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Just One Week Of Eating Organic Lowers Toxin Levels, Study Finds

If you're new to the world of health and wellness, some of the very first advice you often hear is to eat organic. But with prices that can be sky-high and pesticides covering virtually every part of conventional produce, eating organic can be easier said than done.

Researchers out of the University of California at Berkeley and the University of California at San Francisco, however, just came to a breakthrough conclusion that should be reason enough to kiss conventional fruit and veggies goodbye: After less than one week of eating organic, toxin levels in the body were dramatically lowered.

In the study, four families from different backgrounds ate a conventional diet for six days, then an organic diet for another six. By testing their urine before and after going all-out organic, researchers found huge drops in bodily pesticides. These pesticides have been connected with a ton of problems: cancer, hormonal imbalance, and neurological disorders, just to name a few.

The most stunning stat from their research was a 95 percent drop in a toxin called malathion, which is linked to brain damage in children.

"Right now, farming with toxic pesticides is the norm. But we can turn the system around. The science is clear that we can grow abundant food without pesticides," Dr. Kendra Klein, co-author of the study and senior staff scientist at organic research organization Friends of the Earth, told mbg.

"We need to organize, raise our voices, demand that our leaders step up and shift support, research, and policies to create a system where organic is for all."

Klein and her colleagues focused primarily on exposure, not health outcomes, when it comes to eating organic. Studies that focus on health outcomes often take a lot of time and resources, but there have been a couple of recent breakthroughs: A recent study out of France found a 25 percent reduction in cancer levels after including more organic foods in the diet, and another study linked organic food with improved fertility rates.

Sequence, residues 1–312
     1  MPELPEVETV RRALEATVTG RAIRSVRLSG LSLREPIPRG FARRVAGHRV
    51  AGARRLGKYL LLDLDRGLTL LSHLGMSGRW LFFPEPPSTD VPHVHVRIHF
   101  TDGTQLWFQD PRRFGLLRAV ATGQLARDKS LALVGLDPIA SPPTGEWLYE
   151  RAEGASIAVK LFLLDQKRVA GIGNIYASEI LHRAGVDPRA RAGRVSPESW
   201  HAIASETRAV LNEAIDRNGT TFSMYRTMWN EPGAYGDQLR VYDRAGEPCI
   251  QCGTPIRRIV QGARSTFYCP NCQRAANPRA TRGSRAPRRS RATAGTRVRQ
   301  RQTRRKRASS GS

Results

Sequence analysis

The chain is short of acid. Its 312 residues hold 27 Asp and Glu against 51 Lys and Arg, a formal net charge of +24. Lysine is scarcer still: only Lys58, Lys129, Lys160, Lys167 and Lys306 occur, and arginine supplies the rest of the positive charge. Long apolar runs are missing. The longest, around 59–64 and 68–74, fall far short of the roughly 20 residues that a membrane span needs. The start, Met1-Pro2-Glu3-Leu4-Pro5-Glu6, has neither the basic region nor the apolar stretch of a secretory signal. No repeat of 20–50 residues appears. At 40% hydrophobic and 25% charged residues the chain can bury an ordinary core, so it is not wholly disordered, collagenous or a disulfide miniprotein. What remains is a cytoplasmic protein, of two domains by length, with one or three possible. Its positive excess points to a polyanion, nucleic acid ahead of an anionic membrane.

Besides reductions in dangerous toxins within the body, going organic can boost the health of the planet. Organic farming is less pollutive of water, supportive of biodiversity, preserves quality of soil, and is generally more sustainable in the long run.

"Organic works. We already have the solution. And yet, many people across the country still don't have access to or can't afford organic food. This is unacceptable. We all have the right to food that is free of toxic pesticides," Klein added.

Some of her favorite tips for eating organic on a budget include reducing meat consumption—meat is often the most expensive part of a meal—buying frozen produce, purveying your local farmers markets, and buying in season.

If you're keen on easing into the organic life, you can start with the Environmental Working Group's list of the dirty dozen and clean 15 to guide your shopping. And if modifying your food isn't enough for you, you can even go organic when it comes to your skin care or natural beauty. For the sake of your stomach, skin, and the planet, going organic may be the right choice.

This article was written by Elizabeth Gerson and posted at

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